The course of a bill in the senate is the same as in the assembly; and a bill which has been passed by one house
goes through the same course in the other before it is ready for the governor's signature.
Often the same bills are introduced in the two houses. If such a bill passes one house and goes to the other, the bill as introduced in the second house is dropped in many cases, and action is taken only on the bill as received from the first house. But the house may treat the senate and the assembly bill as distinct. By formal motion either bill may be substituted for the other.
Upon a bill as printed in either house the letters G. O. followed by a number indicate the place of the bill in general orders; the mark Int. followed by a number is used to show the order in which bills are introduced. The phrase general orders refers to the order of considering bills in comunittee of the whole. The third number upon a bill, "No. —," is given when the bill is printed, and by it the bill is commonly cited. As a new number is given to a bill each time it is printed, and as bills are often printed afresh after undergoing amendments, a bill may appear under two or more numbers. The introductory number, however, remains unchanged. The date upon a printed bill is the day of introduction. Heretofore many bills introduced have never been printed.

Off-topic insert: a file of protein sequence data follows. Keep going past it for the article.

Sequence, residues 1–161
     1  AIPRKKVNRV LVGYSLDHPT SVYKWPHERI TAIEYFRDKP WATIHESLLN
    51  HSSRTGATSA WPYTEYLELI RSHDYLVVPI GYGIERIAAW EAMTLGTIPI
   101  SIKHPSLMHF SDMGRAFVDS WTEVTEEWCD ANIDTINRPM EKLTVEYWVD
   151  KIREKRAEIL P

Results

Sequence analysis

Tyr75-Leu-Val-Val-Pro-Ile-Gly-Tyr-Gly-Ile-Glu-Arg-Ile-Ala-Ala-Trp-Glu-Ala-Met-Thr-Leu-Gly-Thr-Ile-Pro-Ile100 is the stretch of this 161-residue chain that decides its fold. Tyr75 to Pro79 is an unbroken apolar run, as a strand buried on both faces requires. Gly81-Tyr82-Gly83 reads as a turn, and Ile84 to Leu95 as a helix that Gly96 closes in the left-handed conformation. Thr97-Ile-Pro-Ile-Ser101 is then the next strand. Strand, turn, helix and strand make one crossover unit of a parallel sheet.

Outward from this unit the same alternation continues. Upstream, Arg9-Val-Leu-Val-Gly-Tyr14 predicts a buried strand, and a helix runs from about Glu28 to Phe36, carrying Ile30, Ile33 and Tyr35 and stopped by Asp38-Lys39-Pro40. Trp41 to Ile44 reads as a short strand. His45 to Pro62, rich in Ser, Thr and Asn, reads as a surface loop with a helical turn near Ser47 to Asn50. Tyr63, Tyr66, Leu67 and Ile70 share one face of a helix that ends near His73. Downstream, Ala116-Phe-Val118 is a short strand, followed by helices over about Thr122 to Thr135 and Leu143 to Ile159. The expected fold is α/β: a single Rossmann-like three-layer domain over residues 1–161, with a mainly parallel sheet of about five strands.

A member may introduce a bill “by request” without any statement of the source of the request. But this manner of introducing bills is not considered to affect any responsibility that may be thought to attach to the act of introducing them.
The lobby is that indeterminate body, often called “the third house," composed of men who make it a business to influence by corrupt means the official action of members of the legislature [The methods of exerting this influence